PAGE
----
Geotimes Logo
   February 2000 

Bacteria in Lake Vostok

Beneath one oasis for human life—Antarctica’s Vostok Station, where scientists work in record-breaking temperatures of negative 89°C—lies perhaps one of the last oases for life on Earth still unexplored: Lake Vostok.

In the Dec. 10 issue of Science, three independent reports piece together a puzzle that, when finished, may help explain Earth’s evolutionary history and offer clues for exploring life elsewhere in the solar system.

The Russian research facility Vostok Station is an isolated dot on the East Antarctic ice sheet and as far away from anywhere you can go without leaving the atmosphere. Its closest neighbor, the National Science Foundation’s McMurdo Station, is 1,000 kilometers to the southwest.

In 1998, scientists from the United States, France and Russia drilled the deepest ice core recovered, which provides a 420,000-year environmental record for the Lake Vostok region. The core is “widely held as the standard for atmospheric and climatic variability,” wrote Robin E. Bell of the Lamont-Doherty Earth Observatory and David M. Karl of the
University of Hawaii, in the Nov. 30, 1999, issue of EOS.

Reporting in the Dec. 10 Science, Karl and colleagues confirmed the presence of bacteria in the Vostok ice core at a depth of 3,603 meters.

Microscopic analyses of samples from the accreted Lake Vostok ice revealed several different bacteria including: (A) a coccoid-shaped bacterium (far right), (B) a rod-shaped bacterium, (C) an SEM image of a coccoid bacterium shown at a magnification of 1.5 x 105, and (D) an SEM image of the same rod-shaped bacterium as in (B). Photo is from D.M. Karl et al. and appeared  in the Dec. 10 issue of Science.
This work complemented another ice core analysis reported in December by a research team led by John C. Priscu of Montana State University. Priscu’s team also found evidence of bacteria at a depth of 3,590 meters. Both microbiological studies took special care not to contaminate the ice during the retrieval process and both teams can be confident in the accuracy of their findings, says Warwick F. Vincent of the Centre d’Études Nordiques of Laval University in Canada. Vincent wrote a commentary in the Dec. 10 Science about the recent discoveries.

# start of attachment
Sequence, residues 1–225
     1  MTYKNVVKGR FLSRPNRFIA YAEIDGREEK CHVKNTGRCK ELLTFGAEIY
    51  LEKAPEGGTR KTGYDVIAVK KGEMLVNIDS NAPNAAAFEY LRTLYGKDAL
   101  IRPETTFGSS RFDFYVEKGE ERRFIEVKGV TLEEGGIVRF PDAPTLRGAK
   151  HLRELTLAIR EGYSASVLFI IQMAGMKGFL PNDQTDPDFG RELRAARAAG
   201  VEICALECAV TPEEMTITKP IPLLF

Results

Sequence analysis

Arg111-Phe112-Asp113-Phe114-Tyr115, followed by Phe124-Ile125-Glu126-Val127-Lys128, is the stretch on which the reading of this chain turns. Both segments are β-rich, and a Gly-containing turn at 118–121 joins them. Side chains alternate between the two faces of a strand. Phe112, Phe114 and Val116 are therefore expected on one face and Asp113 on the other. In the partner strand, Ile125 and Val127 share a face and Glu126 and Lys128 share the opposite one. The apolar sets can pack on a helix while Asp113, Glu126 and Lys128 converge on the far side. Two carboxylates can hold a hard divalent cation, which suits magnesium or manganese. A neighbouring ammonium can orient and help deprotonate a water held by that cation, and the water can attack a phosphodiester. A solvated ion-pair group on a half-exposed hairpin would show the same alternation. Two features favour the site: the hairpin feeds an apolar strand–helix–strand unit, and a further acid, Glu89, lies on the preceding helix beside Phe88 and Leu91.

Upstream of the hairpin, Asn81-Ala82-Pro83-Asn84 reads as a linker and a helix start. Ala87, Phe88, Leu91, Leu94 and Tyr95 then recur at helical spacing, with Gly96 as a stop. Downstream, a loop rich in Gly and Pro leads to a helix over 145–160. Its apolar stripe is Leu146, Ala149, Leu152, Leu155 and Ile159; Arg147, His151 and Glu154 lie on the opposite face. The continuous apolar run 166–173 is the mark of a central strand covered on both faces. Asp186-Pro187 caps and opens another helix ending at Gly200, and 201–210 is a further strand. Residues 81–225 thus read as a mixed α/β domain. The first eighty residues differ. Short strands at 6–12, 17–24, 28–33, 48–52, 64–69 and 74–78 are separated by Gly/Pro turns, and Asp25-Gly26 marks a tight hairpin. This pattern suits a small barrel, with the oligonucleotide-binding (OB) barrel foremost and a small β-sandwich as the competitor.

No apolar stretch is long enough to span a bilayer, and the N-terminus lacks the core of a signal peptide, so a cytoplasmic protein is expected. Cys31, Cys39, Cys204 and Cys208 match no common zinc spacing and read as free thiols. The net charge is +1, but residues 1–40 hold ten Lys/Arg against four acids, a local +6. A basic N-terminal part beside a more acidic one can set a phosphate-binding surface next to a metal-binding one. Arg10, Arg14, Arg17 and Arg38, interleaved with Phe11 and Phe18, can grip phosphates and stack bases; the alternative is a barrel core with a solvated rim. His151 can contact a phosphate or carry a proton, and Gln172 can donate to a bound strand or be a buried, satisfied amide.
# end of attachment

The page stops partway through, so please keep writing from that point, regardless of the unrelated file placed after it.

Contamination is a major concern as the drill hole—separated from liquid water by about 120 meters—is filled with 60 tons of a mixture of aviation fuel and Freons to keep the hole from closing. If the drilling fluid flowed into Lake Vostok, estimates put its circulation to the bottom within days and throughout the lake within decades. Lake Vostok is about the same size as Lake Ontario but deeper, reaching more than 500 meters below a 220-meter thick layer of lake ice, and nearly 4 kilometers of glacial ice.

The presence of bacteria near the bottom of the ice core is intriguing because the ice sampled is refrozen lake water that circulated from the lake’s bottom, according to a third report, also in the Dec. 10 issue of Science, by a research team led by French scientist Jean Jouzel. The microbes in the core, which come from the accreted ice overlying the lake, may have originally existed in the lake’s liquid portion.

If the ice core represents what may exist in the subglacial lake itself, similar microbiota in the lake may be surviving off of an exploitable energy source. If the energy comes from the ice above, “this lake may be one of the most oligotrophic habitats [poor in plant nutrients and rich in oxygen at all depths] on Earth,” Karl says. Melting or gravitational transport would supply the lake with nutrients and an influx of other ice-bound microbes. Another possible source of energy would be a pathway to the sea that provides a continual flow of nutrients to the lake, which lies below sea level.
Further research by Robin Bell of Columbia University and colleagues may show that Lake Vostok is part of an intracontinental rift zone similar to that of East Africa. “It’s like a lake that sits right on the Front Range of the Rocky Mountains,” she says. Plans for 2001 include flight surveys to map topography, gravity and magnetics of the lake and region. The goal is to reveal if the area has classic rift morphology, to estimate the shape of the sediments and to identify volcanics. In June, Bell and colleagues are hoping to propose a study using ground-based seismometers to identify earthquakes in the area.

It may be possible that Lake Vostok is heated geothermally, like the swimming pools in Iceland. “People think of East Antarctica as a cold stable craton,” Bell says. “This is not necessarily the case—it may be an active rift.”

Christina Reed

The study of Lake Vostok is a collaboration of American, Russian and French scientists. Photo is from Al Sutherland, National Science Foundation.